What I am proposing in this article is that woodland owners consider sap and syrup production as a way to increase the financial benefits derived from their forest resource by tapping their trees, and increase the fun in owning a woodlot with a good “sugarin off” party.
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In recent years, research at Cornell University’s Uihlein Maple Research Forest has looked at ways to maximize maple sap production through tapping practices such as spout selection, re-tapping and timing of tapping.
This aim of this project was to determine whether early spout and dropline deployment before tapping could be used while maintaining good sanitation levels and high sap yields.
Black Walnut (Juglans nigra) is a tree to consider tapping, and Butternut (Juglans cinerea) has similar characteristics and can produce syrup. When considering tapping, however, it is good to understood that walnut trees and not just maples with compound leaves and big edible nuts. Walnuts have anatomical and physiological characteristics that affect tapping and syrup making.
During the 2021 season, the UVM Proctor Center tested SapSpy (www.sapspy.com), a relatively new entrant in the sugarbush monitoring field.
In response to injury from wounds such as tapholes, trees initiate processes to compartmentalize the affected area in order to prevent the spread of infection by disease- and decay-causing microorganisms beyond the wound, and to preserve the remaining sap conducting system (Shigo 1984). This results in the formation of a column of visibly stained wood above and below the wound, and the affected zone is rendered permanently nonconductive to water and nonproductive for sap collection. These processes, along with effects from microbial activity, are responsible for the gradual reduction in sap flow from tapholes over the course of the production season. There has been recent renewed interest in strategies which attempt to extend the standard sapflow season or increase overall yields through the “rejuvenation” of tapholes. As part of a multi-year experiment to investigate the yields and net economic outcomes of several taphole longevity strategies, we conducted an experiment to investigate the volume of NCW generated in response to two of these strategies.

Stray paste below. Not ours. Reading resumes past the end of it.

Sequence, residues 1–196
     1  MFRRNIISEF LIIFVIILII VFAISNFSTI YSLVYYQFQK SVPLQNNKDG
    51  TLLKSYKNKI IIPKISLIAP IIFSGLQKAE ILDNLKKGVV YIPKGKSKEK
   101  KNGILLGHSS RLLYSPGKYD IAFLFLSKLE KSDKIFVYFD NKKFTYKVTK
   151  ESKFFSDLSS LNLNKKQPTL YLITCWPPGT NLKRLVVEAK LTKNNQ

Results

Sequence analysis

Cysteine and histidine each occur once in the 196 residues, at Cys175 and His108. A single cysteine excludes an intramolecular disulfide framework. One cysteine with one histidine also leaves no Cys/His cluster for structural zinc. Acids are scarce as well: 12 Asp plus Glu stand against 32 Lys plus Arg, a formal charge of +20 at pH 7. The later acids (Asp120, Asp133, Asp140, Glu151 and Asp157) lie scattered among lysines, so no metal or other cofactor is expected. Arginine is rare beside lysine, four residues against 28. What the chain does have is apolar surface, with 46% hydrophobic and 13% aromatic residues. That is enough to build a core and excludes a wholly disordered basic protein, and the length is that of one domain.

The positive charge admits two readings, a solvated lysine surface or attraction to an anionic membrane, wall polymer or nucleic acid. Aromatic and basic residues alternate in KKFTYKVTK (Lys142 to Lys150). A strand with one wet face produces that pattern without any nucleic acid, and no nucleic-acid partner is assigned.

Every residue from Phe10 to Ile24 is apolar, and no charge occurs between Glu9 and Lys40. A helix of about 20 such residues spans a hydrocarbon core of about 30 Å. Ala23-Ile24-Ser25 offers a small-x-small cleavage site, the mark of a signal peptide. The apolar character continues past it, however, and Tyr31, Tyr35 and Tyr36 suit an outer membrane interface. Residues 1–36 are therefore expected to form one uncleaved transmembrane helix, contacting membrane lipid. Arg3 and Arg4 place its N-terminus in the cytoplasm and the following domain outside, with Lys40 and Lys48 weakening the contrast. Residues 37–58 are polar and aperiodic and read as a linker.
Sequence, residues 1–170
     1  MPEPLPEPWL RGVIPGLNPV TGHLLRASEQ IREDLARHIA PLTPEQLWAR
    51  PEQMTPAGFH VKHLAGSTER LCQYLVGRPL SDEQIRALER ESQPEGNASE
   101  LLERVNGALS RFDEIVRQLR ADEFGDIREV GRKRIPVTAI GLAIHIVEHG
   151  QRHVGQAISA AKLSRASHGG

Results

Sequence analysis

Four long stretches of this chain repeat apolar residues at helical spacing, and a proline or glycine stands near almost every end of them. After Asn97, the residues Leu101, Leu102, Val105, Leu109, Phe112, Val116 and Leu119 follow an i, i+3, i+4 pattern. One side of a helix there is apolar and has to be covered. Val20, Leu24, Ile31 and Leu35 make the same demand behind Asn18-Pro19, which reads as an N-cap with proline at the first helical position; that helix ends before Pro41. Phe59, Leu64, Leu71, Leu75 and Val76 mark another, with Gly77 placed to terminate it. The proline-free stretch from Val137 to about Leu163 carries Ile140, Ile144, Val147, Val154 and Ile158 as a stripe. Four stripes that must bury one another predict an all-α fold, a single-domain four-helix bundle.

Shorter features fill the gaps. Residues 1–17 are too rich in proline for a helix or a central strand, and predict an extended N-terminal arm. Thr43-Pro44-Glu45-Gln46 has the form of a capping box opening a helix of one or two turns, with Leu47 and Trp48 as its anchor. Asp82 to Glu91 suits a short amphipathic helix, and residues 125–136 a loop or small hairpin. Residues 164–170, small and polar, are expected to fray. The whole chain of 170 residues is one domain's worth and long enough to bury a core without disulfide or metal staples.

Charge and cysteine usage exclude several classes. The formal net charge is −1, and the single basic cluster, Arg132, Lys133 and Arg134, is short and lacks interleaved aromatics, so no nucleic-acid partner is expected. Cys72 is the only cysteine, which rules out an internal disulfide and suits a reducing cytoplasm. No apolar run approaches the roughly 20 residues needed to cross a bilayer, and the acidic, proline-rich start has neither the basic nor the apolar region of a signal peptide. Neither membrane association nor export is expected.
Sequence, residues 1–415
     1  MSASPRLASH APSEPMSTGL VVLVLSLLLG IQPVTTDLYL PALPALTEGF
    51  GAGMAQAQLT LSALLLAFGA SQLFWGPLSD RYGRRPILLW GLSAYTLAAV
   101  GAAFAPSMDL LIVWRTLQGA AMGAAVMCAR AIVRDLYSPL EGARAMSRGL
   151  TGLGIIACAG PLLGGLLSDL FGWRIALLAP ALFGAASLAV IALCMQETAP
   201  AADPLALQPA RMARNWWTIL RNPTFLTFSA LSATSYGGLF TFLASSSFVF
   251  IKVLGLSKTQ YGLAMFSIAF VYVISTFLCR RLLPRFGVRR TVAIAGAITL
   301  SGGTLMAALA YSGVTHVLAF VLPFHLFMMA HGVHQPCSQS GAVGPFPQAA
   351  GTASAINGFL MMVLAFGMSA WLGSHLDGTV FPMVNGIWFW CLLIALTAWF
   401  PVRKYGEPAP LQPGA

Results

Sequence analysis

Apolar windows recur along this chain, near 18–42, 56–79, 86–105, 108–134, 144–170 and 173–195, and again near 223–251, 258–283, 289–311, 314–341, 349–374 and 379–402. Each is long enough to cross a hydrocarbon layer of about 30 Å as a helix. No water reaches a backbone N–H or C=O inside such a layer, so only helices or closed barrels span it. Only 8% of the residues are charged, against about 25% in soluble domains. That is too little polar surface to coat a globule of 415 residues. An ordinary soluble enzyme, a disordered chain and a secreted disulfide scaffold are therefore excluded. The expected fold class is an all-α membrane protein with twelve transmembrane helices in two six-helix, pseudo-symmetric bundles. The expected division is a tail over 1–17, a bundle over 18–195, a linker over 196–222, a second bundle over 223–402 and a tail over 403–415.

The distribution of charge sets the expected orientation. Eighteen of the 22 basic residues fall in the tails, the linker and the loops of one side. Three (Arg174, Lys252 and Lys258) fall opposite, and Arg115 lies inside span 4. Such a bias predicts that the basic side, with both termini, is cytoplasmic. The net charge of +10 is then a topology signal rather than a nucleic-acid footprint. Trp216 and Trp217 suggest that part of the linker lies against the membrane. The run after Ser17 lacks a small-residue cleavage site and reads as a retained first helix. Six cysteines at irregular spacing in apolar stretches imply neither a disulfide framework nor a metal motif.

Annual data on US maple production.
Comprehensive video on how to make the most of your sugaring season, covering tapping, tubing, and efficient boiling.
Maple producers know that when the temperature starts to rise in the spring, sap flows can’t be far behind. But when the weather starts to warm early in the spring and temperatures seem favorable for good sap flows, they are sometimes left wondering why the sap hasn’t started to run. There are several explanations for the disconnect between warm air temperature and a lack of flow during
the early season.
How does a tree respond to the wound created by a taphole, and what does that mean for future sap production?